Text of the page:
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Valdez, crew of Balangay get warm welcome in Cebu

From: The FREEMAN
Date: November 1, 2009
By: Caecent No-ot Magsumbol


Art Valdez and the crew of  Diwata ng Lahi received a warm welcome from Cebuanos the other day when they called in the port of Cebu. 

Diwata ng Lahi is a replica of "balangay” or the boat our ancestors used in sailing from Borneo to the Philippines thousands of years back. 

Valdez together with the core of the Philippine Mt. Everest Team – Leo Oracion, Erwin “Pastour” Emata, Carina Dayondon, Noelle Wenceslao, Janet Belarmino-Sardena, Dr. Ted Esguerra, Fred Jamili and Dr. Voltaire Velasco – or the “Kaya ng Pinoy Incorporated” are in the fourth leg of their ambitious voyage to retrace the migration routes of our forefathers. 

Diwata ng Lahi is built to the same specification of a balangay by master boat-builders from the islands of Sibutu and Sitangkay in Tawi-Tawi . 

Art Valdez was the leader behind the project to put the first Filipinos on the summit of Mt. Everest in 2006 and 2007. With his watchful eyes, the boat took form in 45 days. 

The boat sailed from Manila to Calaparan on September 1 for its maiden voyage. 

During the voyage, Valdez and his crew applied ancient navigational techniques using the sun, stars, wind clouds and even bird migration as point of reference. They will continue to use the same techniques throughout the voyage. 

So far, they haven’t lost their way or run aground. 

The voyage to Cebu is the fourth leg. On its way to the City, Diwata ng Lahi received cheers from townsfolk as it passed Bantayan Island, Daanbantayan, Bogo, Danao and Mactan.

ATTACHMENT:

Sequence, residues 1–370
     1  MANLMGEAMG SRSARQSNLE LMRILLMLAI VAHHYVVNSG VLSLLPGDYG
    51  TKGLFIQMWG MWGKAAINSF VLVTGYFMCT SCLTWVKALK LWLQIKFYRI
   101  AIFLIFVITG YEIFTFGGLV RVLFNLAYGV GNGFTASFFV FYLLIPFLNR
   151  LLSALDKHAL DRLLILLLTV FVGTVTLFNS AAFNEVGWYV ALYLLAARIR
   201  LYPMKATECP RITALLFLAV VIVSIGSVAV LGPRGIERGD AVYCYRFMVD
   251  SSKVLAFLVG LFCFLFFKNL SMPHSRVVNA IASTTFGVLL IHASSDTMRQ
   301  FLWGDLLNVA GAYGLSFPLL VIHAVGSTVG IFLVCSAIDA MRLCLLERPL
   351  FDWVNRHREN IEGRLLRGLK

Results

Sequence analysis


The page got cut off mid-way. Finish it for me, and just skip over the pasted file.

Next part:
While in Cebu, Valdez and his crew were treated to sumptuous dinner by noted sportsman John Pages and his father Bunny Pages at Moon Café in Guadalupe city. 

From Cebu City, the voyagers will sail to Argao November 3 for their last stop in Cebu. Then they will be off to their fifth leg – from Dumaguete to Butuan via Siquijor, Bohol, Leyte and Cabadbaran and eventually to Silaug in the south. 

Valdez, during an interview with The FREEMAN, recalled the dangers they faced during their voyage. He said when a storm was battering the sea in September, causing some vessels to sink; they were hiding off Maestro Campo, a tiny island between Mindoro and Romblon. 

“We were like we’re in the Bermuda triangle but we managed to hide. During our stop (ashore after the storm), we also did some medical mission and symposium,” recalls Valdez. 

Valdez further said that the weather had him and his crew thinking of quitting or installing an engine to the boat for emergency purpose but decided against it because it will defeat the purpose of the journey. 

Sailing across the Philippines is only Phase 1 in the voyage that Valdez and his crew have embarked. 

After sailing in the Philippines, Diwata ng Lahi will sail to Malaysia to start the Southeast Asia leg of the journey next year. 

Valdez hopes to sail to Micronesia and Madagascar in 2011. By 2012, they will sail across the Pacific onwards to the Atlantic for around the world journey. They will be back in the Philippines by 2013. 

“Although we have target dates, we really do not know if we will be done by then. It just depends on the weather. But more than being around the world, we hope that the message we are trying to impart especially to the young ones will be instilled to them,” Valdez said. 

With a crew that conquered Mt. Everest, sailing around the world won’t be such an impossible dream. 

The project will highlight and challenge Filipino ingenuity and native survival skills in modern age by using ancient seafaring methods. 

Valdez takes note of the cheers of thousands of youngsters who greeted them and bade them goodbye during their visit to difference ports. This made him a believer. “One day, one of the two of them will emerge as a great leader because they are challenged with what we have done,” he said.